Binance has become one of the first crypto firms to join the Association of Certified Sanctions Specialists, ACSS, in an effort to stay in compliance with global sanctions.
In a Jan. 6 announcement, Binance said its team of sanctions compliance personnel would be undergoing training as part of the certification process at ACSS. According to the association’s website, the group offered an examination addressing “knowledge and skills common to all sanctions professionals in varied employment settings.”
“The blockchain industry is still in its early years, and it’s our priority to continue upholding the highest level of compliance amid a fast-evolving space,” said Binance’s global head of sanctions Chagri Poyraz. “At the end of the day, we want to continue setting the industry standard for security and compliance alongside other industry players.”
#Binance joins the Association of Certified Sanctions Specialists (ACSS).
As the first crypto exchange to join the association, we aim to leverage ACSS training materials, databases, and networks to further compliance standards within the crypto industry.https://t.co/uEOw147gke
— Binance (@binance) January 6, 2023
Poyraz told Cointelegraph in October that the exchange was in compliance with multilateral sanctions on Russia following the country’s invasion of Ukraine, but saw “room for improvement when it comes to clarity” in European Union guidelines on crypto. Reports have also suggested Binance may have allowed Iran-based users access to certain services in violation of United States sanctions, prompting scrutiny from officials.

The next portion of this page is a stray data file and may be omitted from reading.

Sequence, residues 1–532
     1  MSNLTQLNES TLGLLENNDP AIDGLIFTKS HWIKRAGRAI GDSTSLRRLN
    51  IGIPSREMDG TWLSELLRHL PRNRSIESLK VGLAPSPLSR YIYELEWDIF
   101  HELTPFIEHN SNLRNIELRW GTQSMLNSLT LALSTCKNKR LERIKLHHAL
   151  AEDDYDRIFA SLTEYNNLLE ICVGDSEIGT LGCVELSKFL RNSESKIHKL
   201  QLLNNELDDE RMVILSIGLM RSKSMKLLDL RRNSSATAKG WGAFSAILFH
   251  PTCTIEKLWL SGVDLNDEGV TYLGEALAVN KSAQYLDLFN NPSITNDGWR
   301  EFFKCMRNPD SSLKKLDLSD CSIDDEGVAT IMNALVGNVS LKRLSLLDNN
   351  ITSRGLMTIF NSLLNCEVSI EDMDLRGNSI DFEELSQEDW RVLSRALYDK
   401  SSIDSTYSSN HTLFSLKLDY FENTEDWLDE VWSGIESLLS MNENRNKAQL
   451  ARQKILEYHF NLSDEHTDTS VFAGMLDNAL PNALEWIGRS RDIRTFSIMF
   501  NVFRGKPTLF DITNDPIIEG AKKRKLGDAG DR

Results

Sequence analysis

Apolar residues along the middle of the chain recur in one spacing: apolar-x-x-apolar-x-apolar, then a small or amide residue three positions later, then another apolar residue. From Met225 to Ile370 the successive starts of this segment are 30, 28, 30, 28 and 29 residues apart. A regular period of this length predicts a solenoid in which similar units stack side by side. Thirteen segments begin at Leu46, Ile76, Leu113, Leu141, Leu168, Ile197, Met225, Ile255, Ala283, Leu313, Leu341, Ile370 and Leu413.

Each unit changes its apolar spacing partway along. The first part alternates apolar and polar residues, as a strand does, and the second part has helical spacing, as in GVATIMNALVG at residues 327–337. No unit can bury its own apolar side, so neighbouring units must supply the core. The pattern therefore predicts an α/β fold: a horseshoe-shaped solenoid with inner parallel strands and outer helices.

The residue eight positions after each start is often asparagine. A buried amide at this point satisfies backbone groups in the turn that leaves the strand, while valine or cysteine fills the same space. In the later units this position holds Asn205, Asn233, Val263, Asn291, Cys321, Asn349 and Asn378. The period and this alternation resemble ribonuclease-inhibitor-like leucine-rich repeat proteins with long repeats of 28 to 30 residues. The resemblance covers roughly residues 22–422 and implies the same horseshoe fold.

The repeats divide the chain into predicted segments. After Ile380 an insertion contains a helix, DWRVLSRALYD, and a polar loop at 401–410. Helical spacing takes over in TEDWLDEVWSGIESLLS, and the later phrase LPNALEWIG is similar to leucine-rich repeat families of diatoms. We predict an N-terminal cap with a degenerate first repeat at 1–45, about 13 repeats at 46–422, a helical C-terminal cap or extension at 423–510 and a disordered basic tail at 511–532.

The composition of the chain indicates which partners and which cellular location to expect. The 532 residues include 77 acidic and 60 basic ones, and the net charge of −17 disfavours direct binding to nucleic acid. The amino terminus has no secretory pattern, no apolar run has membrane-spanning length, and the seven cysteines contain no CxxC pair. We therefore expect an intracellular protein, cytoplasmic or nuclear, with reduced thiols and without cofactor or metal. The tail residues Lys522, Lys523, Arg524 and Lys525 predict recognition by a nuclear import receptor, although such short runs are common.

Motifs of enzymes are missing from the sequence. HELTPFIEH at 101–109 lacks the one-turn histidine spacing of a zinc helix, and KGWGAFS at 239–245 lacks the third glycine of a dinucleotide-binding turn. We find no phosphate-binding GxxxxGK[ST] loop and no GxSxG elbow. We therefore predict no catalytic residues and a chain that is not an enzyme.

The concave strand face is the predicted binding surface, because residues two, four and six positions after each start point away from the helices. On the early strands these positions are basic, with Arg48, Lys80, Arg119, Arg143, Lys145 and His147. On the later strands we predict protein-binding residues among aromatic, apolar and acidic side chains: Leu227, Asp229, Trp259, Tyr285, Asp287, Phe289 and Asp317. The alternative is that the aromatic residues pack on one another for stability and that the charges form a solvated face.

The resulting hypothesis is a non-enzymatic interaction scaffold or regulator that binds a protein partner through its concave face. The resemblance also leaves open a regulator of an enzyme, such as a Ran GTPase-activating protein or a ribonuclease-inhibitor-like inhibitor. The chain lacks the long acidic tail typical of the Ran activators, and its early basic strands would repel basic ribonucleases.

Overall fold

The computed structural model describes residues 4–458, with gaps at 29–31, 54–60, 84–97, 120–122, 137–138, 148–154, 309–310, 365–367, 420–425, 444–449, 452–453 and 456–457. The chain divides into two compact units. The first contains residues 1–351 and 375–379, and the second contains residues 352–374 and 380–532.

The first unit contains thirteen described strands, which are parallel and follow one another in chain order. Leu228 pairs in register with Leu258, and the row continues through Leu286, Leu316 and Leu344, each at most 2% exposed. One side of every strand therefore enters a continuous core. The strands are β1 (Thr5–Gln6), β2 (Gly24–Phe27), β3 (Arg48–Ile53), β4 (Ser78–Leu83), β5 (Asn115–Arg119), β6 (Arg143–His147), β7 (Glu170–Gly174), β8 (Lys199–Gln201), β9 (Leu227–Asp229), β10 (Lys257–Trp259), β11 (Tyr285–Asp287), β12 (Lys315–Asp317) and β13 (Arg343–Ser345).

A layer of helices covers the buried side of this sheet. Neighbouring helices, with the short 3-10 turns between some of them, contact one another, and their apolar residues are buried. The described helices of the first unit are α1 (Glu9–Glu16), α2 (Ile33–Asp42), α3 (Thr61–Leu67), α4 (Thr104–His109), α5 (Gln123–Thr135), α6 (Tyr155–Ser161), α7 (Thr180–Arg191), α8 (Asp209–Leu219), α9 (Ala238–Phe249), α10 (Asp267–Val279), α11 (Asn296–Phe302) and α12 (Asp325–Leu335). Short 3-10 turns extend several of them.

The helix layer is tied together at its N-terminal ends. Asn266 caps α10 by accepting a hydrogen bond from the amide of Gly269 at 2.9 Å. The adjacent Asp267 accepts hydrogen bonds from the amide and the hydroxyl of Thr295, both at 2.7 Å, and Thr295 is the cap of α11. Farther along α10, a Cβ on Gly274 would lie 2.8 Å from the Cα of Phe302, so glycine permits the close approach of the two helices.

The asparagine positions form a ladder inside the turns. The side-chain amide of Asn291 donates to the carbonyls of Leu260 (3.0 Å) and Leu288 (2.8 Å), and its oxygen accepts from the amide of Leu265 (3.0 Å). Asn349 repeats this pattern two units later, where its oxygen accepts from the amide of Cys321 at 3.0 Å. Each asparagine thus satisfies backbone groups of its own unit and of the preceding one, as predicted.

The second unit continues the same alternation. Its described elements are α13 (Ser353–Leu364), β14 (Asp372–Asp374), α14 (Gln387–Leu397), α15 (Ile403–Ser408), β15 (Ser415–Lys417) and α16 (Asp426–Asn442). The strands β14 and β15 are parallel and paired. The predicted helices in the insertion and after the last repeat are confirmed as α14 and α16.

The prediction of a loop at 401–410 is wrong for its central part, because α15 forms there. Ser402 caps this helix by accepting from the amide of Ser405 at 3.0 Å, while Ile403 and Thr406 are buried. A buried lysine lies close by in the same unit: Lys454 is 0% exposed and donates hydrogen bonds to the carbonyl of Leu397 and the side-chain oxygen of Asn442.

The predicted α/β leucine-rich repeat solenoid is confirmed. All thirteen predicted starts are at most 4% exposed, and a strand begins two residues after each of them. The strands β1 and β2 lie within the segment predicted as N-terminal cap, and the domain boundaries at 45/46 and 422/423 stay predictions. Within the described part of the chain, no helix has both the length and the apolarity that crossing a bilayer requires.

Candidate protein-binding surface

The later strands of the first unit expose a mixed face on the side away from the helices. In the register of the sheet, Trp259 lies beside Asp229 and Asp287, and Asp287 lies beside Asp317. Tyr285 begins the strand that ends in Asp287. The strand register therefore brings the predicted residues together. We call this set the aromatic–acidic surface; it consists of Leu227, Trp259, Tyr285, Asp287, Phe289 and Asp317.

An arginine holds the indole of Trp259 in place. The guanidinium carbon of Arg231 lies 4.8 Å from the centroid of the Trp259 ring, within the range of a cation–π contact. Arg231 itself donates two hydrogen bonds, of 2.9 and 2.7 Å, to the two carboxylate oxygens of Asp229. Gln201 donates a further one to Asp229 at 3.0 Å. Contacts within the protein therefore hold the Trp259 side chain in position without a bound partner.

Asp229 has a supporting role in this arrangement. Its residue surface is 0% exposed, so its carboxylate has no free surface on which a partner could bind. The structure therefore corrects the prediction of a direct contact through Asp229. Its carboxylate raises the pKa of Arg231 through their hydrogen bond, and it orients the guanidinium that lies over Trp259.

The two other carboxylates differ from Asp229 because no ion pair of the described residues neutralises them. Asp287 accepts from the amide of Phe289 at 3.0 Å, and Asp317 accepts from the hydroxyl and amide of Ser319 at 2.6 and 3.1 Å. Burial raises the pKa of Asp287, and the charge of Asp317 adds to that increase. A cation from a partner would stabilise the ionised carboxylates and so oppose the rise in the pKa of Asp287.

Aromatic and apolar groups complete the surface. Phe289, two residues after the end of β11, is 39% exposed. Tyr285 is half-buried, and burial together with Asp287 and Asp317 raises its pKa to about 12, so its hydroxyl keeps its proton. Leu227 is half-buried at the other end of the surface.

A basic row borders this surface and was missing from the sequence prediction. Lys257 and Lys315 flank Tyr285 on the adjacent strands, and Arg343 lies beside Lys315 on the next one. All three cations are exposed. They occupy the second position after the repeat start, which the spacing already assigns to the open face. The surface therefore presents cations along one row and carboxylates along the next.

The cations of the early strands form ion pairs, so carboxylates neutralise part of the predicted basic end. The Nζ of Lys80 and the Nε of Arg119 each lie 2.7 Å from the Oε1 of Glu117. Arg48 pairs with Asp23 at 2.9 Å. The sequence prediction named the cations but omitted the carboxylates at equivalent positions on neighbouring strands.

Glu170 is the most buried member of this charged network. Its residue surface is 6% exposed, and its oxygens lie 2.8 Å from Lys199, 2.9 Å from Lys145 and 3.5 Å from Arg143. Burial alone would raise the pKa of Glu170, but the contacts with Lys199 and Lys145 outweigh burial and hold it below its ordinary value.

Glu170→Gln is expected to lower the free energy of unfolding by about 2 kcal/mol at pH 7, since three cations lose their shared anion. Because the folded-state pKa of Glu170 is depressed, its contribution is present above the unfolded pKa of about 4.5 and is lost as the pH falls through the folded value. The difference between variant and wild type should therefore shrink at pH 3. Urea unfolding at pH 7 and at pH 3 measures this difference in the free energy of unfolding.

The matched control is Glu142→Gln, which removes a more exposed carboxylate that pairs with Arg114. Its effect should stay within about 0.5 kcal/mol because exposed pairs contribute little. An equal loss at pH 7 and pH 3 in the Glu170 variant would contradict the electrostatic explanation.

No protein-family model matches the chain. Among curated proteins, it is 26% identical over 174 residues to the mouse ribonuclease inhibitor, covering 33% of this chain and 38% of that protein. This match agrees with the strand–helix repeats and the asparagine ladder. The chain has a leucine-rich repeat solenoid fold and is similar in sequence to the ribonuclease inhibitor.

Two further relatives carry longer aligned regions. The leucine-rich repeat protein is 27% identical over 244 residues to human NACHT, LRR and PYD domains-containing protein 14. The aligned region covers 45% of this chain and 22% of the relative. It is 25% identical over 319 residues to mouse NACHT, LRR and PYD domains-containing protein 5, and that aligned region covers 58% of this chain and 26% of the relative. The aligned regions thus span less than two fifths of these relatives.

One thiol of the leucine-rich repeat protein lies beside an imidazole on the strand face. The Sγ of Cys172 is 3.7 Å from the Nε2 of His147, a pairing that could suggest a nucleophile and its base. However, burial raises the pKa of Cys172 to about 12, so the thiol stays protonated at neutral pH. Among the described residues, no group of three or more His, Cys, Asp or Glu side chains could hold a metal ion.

According to Binance, the ACSS training will educate the exchange’s team on guidelines from the U.S. Treasury’s Office of Foreign Assets Control and inform them of potential risks of violations. The exchange is one of the largest in the crypto space and, according to its website, available in more than 100 countries with different regulatory and licensing requirements.
Binance also joined the crypto lobbying group Chamber of Digital Commerce in December as part of efforts to advocate for regulatory clarity in the United States. However, some global policymakers have reportedly targeted the exchange for potential violations of anti-money laundering laws and sanctions.